Almost everyone will experience anxiety at some point in their lives. For many people, this anxiety will be short-term, following on from a stressful event. For others however, anxiety is a part of everyday life.
Anxiety and generalised anxiety disorder (GAD) are conditions that see sufferers experiencing anxiety on an ongoing basis. This can limit daily activity and hinder quality of life.
If you suffer from anxiety the first thing you will need to understand is that it isn’t reality that’s worrying you – it’s a habit of mind, causing you to react with anxiety. Any trigger can prompt this, so it is important to understand what you can do to prevent it.
Treatments for anxiety are varied and include talking therapies and medication. It is also important however, to consider the mind-body connection and the physical side of anxiety. This is often when self-help techniques such as meditation can help.
One common feature of anxiety is racing thoughts. Having this overactive mind can encourage anxiety and lead to other problems such as insomnia. Meditation can help this aspect of anxiety, helping to quiet the mind. Through meditation you can learn to detach yourself from your thoughts and reconnect with your own being, your centre.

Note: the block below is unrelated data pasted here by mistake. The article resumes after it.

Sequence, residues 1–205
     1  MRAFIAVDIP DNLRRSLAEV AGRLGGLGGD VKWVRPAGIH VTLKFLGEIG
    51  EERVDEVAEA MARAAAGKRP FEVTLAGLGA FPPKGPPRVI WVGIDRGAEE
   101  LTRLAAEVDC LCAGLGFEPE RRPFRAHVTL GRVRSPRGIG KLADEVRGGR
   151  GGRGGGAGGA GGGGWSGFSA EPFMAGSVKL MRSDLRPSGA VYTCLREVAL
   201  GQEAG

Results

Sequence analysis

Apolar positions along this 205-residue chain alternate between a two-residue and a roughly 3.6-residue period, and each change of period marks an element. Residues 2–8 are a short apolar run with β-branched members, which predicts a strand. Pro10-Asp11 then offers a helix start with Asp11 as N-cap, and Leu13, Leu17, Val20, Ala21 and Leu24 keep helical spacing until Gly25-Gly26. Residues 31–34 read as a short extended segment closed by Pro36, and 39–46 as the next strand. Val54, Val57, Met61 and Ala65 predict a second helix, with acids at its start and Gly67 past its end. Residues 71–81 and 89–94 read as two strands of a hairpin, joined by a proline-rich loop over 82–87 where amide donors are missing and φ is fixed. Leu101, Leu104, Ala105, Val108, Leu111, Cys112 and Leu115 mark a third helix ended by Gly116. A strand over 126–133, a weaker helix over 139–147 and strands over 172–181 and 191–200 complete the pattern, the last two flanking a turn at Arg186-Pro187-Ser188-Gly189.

Being able to centre yourself is a skill you can draw on whenever anxiety peaks. Some people with anxiety shy away from meditation as they feel they ‘can’t do it’. With patience and practise, anyone can learn to meditate.
There have been numerous studies on the benefits of meditation for anxiety. One study published in the Psychological Bulletin looked at data from 163 different studies and concluded that meditation and/or mindfulness lead to a substantial improvement in areas such as anxiety and stress.
Those with anxiety often display increased reactivity in an area of the brain called the amygdala (the area responsible for regulating emotions). Neuroscientists at Stanford University found that those who practised meditation for eight weeks were more capable of turning down the reactivity in this area.
Regular meditation encourages the brain to create new pathways, helping to develop new ways of thinking. This means the mind will be more open to reacting in a non-anxious way.
When it comes to anxiety it is important to follow a treatment plan that suits your needs. Seeking professional help in the first instance is always advised.